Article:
- It claimed he "advised (an unnamed) co-conspirator
whom he had met on previous travels to Medina, Saudi Arabia, of his interest
in joining Al Qaeda," and that he "intended to become a planner
of terrorist operations like Muhammad Atta and Khalid Sheik Muhammad."
It also alleges that he and another co-conspirator discussed plans to assassinate
George Bush, either close range by gun shot or car bomb.
- On November 22, 2005, he was convicted on all charges,
the jury rejecting his testimony that his Saudi captors tortured him into
confessing. Two doctors who examined him agreed, but their testimony was
suppressed - a clear Sixth Amendment violation that assures:
- "the right to a speedy and public trial, by an impartial
jury....to be confronted with the witnesses against him; to have compulsory
process for obtaining witnesses in his favor, and to have the Assistance
of (competent) Counsel (and enough time) for (a proper) defense."
- Although the Sixth Amendment doesn't specifically prohibit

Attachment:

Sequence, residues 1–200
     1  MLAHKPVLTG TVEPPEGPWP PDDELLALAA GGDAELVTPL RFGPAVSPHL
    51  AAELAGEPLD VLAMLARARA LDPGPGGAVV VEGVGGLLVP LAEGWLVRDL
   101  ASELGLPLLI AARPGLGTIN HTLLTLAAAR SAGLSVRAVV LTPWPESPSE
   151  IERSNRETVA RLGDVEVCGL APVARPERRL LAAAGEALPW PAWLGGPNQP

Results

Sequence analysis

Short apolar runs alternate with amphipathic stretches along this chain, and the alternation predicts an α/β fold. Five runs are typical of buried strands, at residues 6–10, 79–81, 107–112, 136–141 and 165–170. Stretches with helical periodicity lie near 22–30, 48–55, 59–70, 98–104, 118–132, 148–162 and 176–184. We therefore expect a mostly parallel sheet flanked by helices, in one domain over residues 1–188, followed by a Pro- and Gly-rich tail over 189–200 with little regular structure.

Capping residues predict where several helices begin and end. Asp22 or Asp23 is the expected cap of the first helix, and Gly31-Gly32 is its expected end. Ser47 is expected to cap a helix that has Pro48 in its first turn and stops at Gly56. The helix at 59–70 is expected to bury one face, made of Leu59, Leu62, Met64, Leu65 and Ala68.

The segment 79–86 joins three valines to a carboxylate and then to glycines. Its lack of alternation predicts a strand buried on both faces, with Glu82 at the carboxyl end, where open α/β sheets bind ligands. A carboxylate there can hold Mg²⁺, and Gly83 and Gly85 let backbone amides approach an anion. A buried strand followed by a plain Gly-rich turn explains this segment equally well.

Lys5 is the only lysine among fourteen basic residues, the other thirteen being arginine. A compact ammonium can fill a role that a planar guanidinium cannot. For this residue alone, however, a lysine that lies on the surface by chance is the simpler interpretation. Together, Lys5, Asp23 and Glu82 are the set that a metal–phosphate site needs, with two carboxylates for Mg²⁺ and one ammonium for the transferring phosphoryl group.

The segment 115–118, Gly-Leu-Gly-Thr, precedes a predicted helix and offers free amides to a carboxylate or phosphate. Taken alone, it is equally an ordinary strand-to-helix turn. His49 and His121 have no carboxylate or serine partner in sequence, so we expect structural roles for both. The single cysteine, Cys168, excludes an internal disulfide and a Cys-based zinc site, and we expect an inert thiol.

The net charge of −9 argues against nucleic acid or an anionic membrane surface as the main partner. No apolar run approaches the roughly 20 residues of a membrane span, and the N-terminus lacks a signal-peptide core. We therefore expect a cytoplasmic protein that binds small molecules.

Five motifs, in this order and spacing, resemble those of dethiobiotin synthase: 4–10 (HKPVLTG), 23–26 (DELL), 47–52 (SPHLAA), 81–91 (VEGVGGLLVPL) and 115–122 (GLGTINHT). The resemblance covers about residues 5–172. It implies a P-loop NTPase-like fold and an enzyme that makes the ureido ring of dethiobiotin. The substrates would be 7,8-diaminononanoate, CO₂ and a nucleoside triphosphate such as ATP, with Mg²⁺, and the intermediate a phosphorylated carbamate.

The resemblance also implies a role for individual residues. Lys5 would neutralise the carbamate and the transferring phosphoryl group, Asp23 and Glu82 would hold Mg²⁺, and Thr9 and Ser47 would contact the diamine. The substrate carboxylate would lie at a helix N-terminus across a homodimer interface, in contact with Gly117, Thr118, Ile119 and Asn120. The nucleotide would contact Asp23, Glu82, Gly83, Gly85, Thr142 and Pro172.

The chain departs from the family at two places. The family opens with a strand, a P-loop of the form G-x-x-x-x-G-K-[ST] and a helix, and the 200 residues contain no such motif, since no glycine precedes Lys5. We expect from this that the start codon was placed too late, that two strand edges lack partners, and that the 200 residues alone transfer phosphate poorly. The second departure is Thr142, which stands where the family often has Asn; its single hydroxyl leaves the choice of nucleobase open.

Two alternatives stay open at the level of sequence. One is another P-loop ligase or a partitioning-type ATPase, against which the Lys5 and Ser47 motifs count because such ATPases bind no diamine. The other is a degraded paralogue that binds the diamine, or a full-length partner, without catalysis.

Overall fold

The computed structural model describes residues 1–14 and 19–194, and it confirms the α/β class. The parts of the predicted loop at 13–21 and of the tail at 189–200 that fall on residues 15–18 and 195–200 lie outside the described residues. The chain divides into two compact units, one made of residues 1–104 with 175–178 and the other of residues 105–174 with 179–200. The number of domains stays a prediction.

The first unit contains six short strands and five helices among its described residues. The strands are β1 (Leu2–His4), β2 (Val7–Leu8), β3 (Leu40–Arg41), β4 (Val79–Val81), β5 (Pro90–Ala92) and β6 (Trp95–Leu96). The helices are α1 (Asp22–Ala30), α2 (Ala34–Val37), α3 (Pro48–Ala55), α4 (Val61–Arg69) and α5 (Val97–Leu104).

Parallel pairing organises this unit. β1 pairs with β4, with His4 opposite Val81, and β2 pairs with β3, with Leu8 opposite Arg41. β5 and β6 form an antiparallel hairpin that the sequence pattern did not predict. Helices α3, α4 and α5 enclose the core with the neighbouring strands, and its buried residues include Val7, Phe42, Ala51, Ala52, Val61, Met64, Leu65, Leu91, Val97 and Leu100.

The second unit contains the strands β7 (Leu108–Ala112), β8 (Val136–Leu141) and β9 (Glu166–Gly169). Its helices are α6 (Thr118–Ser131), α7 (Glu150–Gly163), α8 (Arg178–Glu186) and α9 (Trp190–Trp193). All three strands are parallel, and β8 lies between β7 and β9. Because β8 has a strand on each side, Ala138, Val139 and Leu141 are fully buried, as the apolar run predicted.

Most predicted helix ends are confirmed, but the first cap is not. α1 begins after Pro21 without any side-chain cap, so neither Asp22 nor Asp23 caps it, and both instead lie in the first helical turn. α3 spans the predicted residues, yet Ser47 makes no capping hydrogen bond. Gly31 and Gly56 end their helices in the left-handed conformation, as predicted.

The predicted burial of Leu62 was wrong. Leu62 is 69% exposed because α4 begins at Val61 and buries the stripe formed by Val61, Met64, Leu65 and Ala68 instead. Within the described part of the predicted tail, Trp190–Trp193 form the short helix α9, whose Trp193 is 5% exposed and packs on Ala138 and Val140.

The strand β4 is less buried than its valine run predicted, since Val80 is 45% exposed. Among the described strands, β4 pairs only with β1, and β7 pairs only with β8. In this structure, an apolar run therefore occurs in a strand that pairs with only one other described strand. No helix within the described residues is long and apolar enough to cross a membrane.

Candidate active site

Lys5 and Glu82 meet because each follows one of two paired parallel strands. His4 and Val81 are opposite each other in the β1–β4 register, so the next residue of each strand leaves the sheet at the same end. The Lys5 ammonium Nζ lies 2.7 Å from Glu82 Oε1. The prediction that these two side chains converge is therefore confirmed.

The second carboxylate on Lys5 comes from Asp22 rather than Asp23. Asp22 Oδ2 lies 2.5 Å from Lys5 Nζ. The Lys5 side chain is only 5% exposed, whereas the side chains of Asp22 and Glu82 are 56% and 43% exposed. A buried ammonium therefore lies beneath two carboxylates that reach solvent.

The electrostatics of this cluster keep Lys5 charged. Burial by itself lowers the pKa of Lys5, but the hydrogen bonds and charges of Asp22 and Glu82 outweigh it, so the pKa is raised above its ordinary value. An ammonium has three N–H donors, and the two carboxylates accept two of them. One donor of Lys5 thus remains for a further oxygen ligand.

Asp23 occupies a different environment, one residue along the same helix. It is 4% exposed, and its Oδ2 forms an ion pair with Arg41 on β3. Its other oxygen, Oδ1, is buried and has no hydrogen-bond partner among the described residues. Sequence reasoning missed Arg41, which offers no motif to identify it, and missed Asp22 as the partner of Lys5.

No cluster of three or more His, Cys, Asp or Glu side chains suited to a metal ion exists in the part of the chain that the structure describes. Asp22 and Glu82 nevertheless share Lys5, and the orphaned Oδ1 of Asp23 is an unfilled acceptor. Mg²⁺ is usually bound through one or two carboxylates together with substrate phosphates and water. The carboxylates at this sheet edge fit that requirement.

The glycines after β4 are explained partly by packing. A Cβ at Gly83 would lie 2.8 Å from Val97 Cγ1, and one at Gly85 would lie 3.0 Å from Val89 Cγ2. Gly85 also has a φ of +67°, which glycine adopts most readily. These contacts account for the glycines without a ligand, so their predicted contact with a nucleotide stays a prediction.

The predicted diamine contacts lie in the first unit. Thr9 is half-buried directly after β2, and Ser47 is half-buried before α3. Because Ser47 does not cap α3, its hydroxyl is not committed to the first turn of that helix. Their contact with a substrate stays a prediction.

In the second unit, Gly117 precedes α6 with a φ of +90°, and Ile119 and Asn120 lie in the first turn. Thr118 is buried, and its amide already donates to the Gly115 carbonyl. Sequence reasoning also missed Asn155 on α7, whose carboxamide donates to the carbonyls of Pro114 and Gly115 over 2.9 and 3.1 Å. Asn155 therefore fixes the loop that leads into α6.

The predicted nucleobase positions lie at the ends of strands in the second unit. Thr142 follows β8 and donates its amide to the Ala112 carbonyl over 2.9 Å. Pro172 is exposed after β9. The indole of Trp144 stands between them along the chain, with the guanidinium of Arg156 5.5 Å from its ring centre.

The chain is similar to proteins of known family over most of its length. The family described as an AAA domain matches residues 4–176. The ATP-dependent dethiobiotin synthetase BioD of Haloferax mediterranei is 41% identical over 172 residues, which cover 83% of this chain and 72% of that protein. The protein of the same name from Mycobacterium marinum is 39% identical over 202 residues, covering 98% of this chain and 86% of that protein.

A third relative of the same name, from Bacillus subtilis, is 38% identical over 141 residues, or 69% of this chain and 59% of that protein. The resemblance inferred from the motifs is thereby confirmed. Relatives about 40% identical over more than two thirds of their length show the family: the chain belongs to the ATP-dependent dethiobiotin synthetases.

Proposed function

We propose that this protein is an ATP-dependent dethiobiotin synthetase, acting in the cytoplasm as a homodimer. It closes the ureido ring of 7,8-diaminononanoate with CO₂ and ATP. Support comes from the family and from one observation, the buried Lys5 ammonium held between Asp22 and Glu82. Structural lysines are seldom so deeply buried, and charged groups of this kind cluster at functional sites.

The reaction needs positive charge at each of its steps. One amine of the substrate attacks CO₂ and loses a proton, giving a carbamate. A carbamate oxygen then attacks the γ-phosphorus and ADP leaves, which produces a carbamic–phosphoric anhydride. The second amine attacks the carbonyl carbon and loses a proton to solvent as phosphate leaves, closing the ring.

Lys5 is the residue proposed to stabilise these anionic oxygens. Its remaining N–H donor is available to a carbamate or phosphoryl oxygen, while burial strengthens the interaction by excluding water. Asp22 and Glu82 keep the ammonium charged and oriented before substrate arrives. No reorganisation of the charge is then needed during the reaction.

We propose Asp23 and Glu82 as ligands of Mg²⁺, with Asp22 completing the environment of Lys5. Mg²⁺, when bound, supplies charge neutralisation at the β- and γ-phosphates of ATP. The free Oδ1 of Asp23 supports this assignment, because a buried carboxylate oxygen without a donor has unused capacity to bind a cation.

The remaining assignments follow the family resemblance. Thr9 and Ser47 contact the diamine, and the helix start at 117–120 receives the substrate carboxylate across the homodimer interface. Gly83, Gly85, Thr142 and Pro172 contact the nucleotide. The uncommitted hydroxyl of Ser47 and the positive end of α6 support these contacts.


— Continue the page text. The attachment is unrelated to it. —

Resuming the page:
attorney-client communications, doing so clearly violates its spirit and
provision for a proper defense. More on that below.
- Worse still, government witnesses were allowed, including
from Saudi guards (translated by live satellite feed using pseudonyms for
"security reasons") who tortured him yet they denied using it
on anyone, contradicting clear evidence the State Department acknowledges,
but the defense wasn't allowed to introduce it - a Fifth Amendment violation
that no one shall "be deprived of life, liberty, or property, without
due process of law," meaning a fair trial according to established
legal standards, what prosecutors flagrantly prohibited.
- Further, Saudis admitted that US prosecutors "ordered"
certain questions be asked, and FBI agents participated - clear evidence
that Washington engineered the entire process, including his interrogation
and torture that took place from 8PM - 6AM on successive days, during which
he was shackled, chained, ordered to confess in writing, then read it aloud
- Before trial, prosecutors called him "one of the
most dangerous terrorist threats that America faces" since 9/11. His
lawyer, John K. Zwerling, said he was in Saudi Arabia for religious studies,